We are the old people coming up. Meaning, our influence will influence the younger kids just like the older guys influenced us. Youth participant at resident.connect.cares Brownsville FEEST
The preparation for a new youth food movement is brewing in Brooklyn. So many young people here are gifted, sharp, passionate, and ready for an opportunity to be a part of something constructive.
resident.connect.care in Brownsville, NEBHDCo (Northeast Brooklyn Housing Development Corporation) and NYC Food and Fitness Partnership have partnered to provide just that.
The Food Empowerment Education Sustainability Team (FEEST) kicked off in Bed-Stuy last month and feature free monthly (to start) dinner gatherings for young potential activists connecting over fresh, quality good food that everyone prepares together.
In Brownsville, resident.connect.care features sessions that meet twice a week with young future activists. According to the resident.connect.care founder and executive director Eboni Banks, the young people involved are very energetic and really into this. Its exciting.
The Bed-Stuy program launched in NEBHDCos brand new beautiful demonstration kitchen at 376 Throop featuring youth from the community plus supporters, youth organizers, trainers and a community chef preparing a delicious meal together while building community.
Food is sourced from local farmers including Hattie Carthan and local food distribution systems like Bed-Stuy Bounty. Youth learn about the food system and where their food comes from, community building, identifying and building power, healthy eating, and of coursehow to cook a delicious meal together.
Young people come to the table with a unique balance of creative energy, passion, and impatience, which is exactly what we need to build a better world states Bianca Bockman, Community Healthy Food Advocate at NEBHDCo.
Unfortunately, these are often the most unheard voices. We hope that FEEST will raise the voices of young people, not just for better food, but also for a more resilient and more powerful community.
There are many policy discussions in the city, but none really systematically include an analysis and voice from a youths perspectivewhich is sorely needed. Particularly youth of color that are personally affected by the issues that the food policies purport to address.
According to one FEEST participant, because we’re young, we’re experiencing the issues in the community now. Older people don’t have the same experience we do or see the issues the same.
FEEST is designed to help young people develop their voices, skills and talents and amplify their analysis into the larger discourse around food and social justice.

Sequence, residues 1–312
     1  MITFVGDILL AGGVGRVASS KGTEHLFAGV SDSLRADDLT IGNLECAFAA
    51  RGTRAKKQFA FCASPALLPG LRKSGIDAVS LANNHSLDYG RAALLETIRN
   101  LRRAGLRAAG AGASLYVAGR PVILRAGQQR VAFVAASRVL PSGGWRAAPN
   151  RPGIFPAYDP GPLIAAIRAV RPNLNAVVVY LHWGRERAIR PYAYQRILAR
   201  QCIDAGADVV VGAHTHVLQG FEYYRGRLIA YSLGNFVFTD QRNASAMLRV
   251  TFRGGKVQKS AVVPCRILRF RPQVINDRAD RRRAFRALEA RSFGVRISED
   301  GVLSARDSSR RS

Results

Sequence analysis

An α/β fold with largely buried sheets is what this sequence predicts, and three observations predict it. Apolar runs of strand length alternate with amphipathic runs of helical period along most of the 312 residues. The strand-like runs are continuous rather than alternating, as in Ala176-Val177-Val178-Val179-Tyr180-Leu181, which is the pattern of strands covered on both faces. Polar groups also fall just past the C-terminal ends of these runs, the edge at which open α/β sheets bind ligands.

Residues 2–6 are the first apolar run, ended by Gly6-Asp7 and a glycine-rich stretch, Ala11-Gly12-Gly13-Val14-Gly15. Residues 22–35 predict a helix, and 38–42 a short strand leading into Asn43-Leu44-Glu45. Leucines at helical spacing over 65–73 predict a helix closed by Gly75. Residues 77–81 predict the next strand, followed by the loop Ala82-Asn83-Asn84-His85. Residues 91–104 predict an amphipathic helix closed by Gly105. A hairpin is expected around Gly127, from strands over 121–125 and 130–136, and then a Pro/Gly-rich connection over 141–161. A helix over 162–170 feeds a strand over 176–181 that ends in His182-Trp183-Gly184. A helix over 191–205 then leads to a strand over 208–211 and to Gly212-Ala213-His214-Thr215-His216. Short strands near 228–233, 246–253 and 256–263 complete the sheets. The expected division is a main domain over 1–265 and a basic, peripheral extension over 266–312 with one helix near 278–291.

And best of all, young people learn that preparing healthy food together can be delicious and fun.
I’m hoping I can change my eating habits, says another FEEST participant. Believe me I never used to eat like this.”
FEEST was created in Seattle, Washington and sets the table for young people to transform the health and equity of their community by gathering around food and working towards systems change.
With the NYC Food and Fitness Partnership, FEEST is also a W.K. Kellogg grantee and provided a complimentary training organized by the NYC Food and Fitness Partnership, Divas for Social Justice, NEBHDCo, and the Coalition for the Improvement of Bed-Stuy.
Organizations experienced the transformative FEEST program and decided to establish it in Brooklyn. For more information about FEEST Seattle, please visit: https://feestseattle.wordpress.com/.
For Brownsville FEEST, resident.connect.care is in need of food donations and an oven! To help support and for more information, contact Eboni Banks at email@example.com.
For more information about resident.connect.care: www.residentconnectcare.org.
Bed-Stuy FEEST is open to all high school aged youth in the area and meets the last Friday of the month (next FEEST meet up is Friday, May 30th) at 5pm at 376 Throop. For more information, contact firstname.lastname@example.org or 917-417-8393.
Make a Donation
BK Reader is brought to you for free daily. Please consider supporting independent local news by making a donation here. Whether it is $1 or $100, no donation is too big or too small!